• ISBN-13: 9780345431820
  • Publisher: Random House Publishing Group
  • Publication date: 5/1/1902
  • Edition description: FIRST
  • Edition number: 1
  • Pages: 257
  • Product dimensions: 5.34 (w) x 8.58 (h) x 0.95 (d)

Meet the Author

James Tertius deKay is also the author of Monitor: The Story of the Legendary Civil War Ironclad and the Man Whose Invention Changed the Course of History and Chronicles of the Frigate Macedonian. He lives in Stonington, Connecticut.

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Read an Excerpt


Throughout the early spring of 1861, the sleepy little city of Montgomery, Alabama, found itself caught up in a state of jubilant uproar and patriotic euphoria. Ever since February, when it was proclaimed provisional capital of the Confederate States of America, trainloads of strangers had been pouring into town from all across the South--patriots and adventurers, visionaries and opportunists--crowding the city's streets and monopolizing its facilities, eagerly clamoring to participate in the creation of a huge new nation the size of western Europe.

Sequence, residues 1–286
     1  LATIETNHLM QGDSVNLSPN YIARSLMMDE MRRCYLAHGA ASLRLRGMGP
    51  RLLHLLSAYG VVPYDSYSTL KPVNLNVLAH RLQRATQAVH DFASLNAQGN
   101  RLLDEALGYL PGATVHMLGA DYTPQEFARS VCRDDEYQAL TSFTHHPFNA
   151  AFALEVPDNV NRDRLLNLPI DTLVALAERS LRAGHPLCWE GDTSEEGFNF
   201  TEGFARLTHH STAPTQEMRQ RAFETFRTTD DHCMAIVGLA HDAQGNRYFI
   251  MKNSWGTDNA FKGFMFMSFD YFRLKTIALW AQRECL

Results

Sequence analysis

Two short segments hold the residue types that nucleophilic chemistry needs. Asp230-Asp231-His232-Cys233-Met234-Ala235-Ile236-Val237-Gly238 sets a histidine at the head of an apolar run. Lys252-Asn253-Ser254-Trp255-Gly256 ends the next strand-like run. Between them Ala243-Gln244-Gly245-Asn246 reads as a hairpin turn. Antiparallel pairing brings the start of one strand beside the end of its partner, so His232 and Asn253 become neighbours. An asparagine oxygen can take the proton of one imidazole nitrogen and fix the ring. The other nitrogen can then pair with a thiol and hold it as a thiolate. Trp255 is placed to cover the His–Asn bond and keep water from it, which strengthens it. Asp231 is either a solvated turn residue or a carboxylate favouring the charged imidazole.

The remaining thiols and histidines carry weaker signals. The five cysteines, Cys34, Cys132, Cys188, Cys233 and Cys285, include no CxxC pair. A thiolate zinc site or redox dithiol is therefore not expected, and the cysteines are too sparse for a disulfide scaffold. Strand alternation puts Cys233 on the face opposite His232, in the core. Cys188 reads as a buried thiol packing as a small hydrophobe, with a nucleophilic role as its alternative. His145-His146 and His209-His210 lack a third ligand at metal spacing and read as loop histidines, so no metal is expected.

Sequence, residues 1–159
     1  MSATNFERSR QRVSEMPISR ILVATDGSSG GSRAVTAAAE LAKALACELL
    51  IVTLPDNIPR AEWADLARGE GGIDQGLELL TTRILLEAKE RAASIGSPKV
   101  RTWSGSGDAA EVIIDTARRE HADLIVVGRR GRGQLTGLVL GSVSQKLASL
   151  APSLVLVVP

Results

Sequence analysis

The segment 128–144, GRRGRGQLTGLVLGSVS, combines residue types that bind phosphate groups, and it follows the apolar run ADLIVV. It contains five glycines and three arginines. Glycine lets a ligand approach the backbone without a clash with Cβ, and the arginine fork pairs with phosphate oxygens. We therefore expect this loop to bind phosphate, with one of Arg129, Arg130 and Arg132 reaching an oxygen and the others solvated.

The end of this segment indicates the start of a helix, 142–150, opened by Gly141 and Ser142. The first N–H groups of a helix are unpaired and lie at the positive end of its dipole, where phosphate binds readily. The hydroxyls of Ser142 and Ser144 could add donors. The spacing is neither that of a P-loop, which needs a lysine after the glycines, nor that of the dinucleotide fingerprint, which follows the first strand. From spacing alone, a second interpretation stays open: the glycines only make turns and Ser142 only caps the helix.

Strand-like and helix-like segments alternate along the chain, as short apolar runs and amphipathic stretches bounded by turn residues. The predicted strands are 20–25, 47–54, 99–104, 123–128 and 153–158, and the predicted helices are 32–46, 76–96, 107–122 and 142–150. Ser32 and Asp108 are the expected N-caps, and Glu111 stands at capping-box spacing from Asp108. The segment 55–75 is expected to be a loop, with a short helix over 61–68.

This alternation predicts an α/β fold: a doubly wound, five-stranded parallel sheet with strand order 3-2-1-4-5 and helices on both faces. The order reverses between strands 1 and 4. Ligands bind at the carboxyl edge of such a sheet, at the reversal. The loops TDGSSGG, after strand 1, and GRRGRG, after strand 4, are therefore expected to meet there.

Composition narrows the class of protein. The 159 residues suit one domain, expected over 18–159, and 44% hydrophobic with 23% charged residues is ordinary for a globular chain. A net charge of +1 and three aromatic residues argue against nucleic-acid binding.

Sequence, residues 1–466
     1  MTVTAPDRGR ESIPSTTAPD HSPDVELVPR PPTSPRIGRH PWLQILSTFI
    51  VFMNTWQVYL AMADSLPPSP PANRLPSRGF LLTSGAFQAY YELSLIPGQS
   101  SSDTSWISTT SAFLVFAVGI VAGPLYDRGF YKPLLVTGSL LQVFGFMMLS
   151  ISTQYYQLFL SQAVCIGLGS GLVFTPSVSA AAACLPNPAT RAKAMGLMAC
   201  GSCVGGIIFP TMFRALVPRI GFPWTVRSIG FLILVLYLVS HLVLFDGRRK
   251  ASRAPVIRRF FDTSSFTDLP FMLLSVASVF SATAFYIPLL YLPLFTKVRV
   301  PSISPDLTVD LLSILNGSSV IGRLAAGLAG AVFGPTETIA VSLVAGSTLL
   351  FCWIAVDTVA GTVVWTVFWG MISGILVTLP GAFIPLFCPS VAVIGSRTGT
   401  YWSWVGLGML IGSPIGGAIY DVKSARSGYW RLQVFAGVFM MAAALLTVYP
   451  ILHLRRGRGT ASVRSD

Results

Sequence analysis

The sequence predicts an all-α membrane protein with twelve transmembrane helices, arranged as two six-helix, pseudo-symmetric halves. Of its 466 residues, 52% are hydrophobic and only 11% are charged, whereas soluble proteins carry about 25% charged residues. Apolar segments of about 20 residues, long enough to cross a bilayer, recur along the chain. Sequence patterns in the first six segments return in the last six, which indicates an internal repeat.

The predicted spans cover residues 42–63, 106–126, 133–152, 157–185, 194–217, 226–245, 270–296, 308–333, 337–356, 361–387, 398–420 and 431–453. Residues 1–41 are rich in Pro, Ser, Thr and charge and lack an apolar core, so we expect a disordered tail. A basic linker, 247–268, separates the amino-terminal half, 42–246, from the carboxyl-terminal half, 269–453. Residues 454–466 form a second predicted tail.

In April, the level of excitement in Montgomery ratcheted up to new heights when news of the bombardment of Fort Sumter came clattering over the telegraph from Charleston. Overnight, a new martial spirit gripped the city, and a heady sense of participating in the unfolding of great events was everywhere apparent. The fledgling Confederate government, suddenly faced with the need to put itself on a war footing, quickly ran out of office space and was forced to take rooms in the Exchange Hotel.